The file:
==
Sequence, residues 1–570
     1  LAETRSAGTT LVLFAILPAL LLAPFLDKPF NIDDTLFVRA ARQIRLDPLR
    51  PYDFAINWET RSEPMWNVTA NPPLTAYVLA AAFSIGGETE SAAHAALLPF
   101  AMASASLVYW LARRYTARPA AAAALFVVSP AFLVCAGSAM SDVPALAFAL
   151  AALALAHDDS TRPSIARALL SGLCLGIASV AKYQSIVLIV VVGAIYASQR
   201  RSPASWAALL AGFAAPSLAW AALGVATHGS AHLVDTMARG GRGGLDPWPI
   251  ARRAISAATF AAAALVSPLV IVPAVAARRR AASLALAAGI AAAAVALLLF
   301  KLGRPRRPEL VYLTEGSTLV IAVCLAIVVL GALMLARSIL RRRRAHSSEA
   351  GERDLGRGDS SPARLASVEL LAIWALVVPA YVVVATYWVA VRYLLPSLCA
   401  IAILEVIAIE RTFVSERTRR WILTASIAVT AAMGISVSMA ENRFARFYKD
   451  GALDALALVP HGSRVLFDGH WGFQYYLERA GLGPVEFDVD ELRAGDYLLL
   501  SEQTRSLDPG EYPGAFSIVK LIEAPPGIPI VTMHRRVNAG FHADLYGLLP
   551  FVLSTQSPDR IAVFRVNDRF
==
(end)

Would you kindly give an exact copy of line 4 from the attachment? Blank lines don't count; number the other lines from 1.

   101  AMASASLVYW LARRYTARPA AAAALFVVSP AFLVCAGSAM SDVPALAFAL